At the beginning of the movie we see a humanoid seeding his DNA into the oceans of what appears to be the early Earth. We then see that DNA reproducing and leading to cells dividing – the implication being that life has now been kickstarted on Earth. There is no scientific problem with the notion that aliens seeded the early Earth with RNA or DNA and that these replicating molecules eventually evolved into life on earth. This is, in fact, a serious scientific hypothesis known as panspermia – the idea that life may have evolved elsewhere and the components of that life came to earth via comets or meteors, and those bits of life seeded life on Earth. Panspermia does not involve deliberate seeding by aliens, but that is the same idea. In fact it’s more plausible in that living organisms would be unlikely to survive millions of years in space, and even DNA would tend to break down from exposure to cosmic rays. Panspermia is not impossible, but it would be helpful for aliens to dump fresh DNA onto a virgin planet to get the whole evolution thing going. (None of this is to imply that seeding is necessary for life to get started.)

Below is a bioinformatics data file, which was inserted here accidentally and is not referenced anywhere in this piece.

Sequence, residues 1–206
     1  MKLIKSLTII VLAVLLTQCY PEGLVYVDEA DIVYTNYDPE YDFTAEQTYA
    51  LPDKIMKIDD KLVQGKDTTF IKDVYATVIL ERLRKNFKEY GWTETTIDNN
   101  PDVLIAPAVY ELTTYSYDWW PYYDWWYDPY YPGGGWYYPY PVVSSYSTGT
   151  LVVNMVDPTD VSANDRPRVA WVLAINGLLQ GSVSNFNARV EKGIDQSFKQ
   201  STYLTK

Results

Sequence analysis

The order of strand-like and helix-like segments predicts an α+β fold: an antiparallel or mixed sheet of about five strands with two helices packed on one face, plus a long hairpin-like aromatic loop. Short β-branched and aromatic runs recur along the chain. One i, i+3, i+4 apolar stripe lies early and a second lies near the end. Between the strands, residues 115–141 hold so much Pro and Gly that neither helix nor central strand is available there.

Other than this basic concept of seeding, there are major problems with this aspect of the plot. How long ago did the alien seed the Earth? It would have to have been 3.5 or so billion years ago. That’s a long time, and it’s hard to imagine that the same humanoid aliens (to be clear, not the weaponized aliens that give the franchise its name, but the humanoid aliens that created them) would be around a few billion years later without any physical change. That’s remarkable evolutionary stability.